For people living with disabilities that inhibit their ability to speak, feeling heard and understood can be a frustrating and difficult challenge. Yeganeh Marghi’s work with the Cognitive Systems Laboratory at Northeastern aims to make it less so through machine learning.
Marghi’s research has focused on the development of tools that can feed input received from a subject’s brain via EEG into a predictive algorithm, which can then translate their thoughts into words and actions faster and more accurately than ever before. She likens this process to playing Twenty Questions: “If I have twenty questions to guess what you are thinking of, if I am smart about it I should be able to guess correctly with fifteen or even ten questions. So I want to ask a minimum of questions, but I also want to be as accurate as possible in my guess. This is in essence an active query problem.”
By applying machine learning to the challenge of interpreting EEG signals, Marghi sees an opportunity to improve the quality of life of people relying on machines to move and speak by making it easier for those machines to determine what the user’s intent is. Beyond clinical applications, she also sees value in her research for people developing hands-free technology of all kinds, from manufacturing to communications and beyond.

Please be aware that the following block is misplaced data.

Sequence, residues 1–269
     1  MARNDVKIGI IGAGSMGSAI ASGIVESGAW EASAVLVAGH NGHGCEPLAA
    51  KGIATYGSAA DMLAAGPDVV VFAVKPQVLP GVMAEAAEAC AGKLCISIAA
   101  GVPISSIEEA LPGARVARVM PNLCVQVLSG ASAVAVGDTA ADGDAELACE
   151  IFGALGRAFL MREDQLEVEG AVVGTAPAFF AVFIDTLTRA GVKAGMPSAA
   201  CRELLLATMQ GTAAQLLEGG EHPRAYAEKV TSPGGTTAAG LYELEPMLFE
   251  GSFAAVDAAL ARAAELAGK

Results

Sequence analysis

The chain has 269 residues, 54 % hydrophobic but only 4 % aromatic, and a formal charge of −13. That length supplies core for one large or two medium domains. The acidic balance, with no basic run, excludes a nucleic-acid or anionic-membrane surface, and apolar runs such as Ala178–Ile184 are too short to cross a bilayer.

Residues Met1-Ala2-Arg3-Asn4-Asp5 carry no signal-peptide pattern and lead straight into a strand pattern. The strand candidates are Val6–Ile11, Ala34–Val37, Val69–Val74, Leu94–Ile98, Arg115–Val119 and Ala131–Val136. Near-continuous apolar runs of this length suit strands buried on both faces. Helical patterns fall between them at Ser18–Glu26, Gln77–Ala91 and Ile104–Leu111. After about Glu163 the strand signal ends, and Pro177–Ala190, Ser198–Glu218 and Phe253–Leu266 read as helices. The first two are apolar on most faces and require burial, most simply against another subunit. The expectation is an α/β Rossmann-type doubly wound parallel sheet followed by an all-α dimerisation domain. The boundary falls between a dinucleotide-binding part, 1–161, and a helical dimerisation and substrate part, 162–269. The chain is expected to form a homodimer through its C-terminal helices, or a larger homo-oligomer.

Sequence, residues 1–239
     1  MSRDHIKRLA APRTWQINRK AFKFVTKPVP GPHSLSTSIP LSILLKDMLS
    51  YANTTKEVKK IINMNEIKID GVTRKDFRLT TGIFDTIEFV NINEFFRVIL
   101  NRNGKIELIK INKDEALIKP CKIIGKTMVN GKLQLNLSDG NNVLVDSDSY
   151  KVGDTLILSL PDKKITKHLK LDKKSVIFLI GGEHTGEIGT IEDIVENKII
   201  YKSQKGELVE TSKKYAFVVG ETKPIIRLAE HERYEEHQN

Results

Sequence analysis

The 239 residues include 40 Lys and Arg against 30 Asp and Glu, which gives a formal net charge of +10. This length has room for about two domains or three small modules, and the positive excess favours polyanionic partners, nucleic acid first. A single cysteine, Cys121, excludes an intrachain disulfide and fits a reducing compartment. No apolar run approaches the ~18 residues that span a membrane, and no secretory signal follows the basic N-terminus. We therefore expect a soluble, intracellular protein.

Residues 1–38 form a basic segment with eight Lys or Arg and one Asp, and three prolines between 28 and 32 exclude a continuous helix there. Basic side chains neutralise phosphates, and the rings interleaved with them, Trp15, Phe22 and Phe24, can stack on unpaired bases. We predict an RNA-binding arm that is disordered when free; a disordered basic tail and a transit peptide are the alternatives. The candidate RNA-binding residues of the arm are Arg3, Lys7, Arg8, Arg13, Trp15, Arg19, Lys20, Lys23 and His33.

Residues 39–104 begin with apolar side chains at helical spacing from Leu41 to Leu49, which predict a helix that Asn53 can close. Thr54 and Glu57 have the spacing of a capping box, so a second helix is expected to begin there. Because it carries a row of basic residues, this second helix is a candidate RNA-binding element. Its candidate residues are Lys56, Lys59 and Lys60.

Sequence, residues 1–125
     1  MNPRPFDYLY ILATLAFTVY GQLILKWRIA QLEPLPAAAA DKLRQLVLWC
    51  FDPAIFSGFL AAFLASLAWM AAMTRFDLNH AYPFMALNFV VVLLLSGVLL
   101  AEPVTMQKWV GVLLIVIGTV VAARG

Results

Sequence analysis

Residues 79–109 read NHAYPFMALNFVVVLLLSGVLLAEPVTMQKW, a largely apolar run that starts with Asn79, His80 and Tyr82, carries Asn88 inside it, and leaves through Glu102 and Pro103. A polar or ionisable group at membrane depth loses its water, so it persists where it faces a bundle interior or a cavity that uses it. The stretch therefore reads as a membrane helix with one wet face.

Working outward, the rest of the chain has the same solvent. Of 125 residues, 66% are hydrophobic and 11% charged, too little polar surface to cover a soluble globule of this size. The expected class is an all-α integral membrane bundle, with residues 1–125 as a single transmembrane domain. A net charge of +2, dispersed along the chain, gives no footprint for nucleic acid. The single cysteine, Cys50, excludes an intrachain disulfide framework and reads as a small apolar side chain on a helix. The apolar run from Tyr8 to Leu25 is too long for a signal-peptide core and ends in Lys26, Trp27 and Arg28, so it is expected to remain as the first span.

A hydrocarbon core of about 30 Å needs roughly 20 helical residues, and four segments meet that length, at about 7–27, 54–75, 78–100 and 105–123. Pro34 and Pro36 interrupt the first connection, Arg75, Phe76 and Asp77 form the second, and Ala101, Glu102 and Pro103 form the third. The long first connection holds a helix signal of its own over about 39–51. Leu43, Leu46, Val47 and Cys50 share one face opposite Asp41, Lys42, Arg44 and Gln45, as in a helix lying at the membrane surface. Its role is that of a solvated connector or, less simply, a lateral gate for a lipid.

Marghi credits Northeastern’s focus on collaboration as a great boon to her research; being able to work with professors and researchers in fields ranging from mechanical engineering to biology to physical therapy provided both different perspectives and new tools she was able to use for her own research. Plus, she believes her findings will be of value to them as well. “There are a lot of really smart people working in this field with backgrounds in biology, psychology, neuroscience. If they have someone with an engineering background or math background to develop this type of algorithm for them, many problems and challenges can be addressed.”
When she completes her doctorate in Spring 2019, Marghi will be moving to Seattle, to begin a research position with the Allen Institute.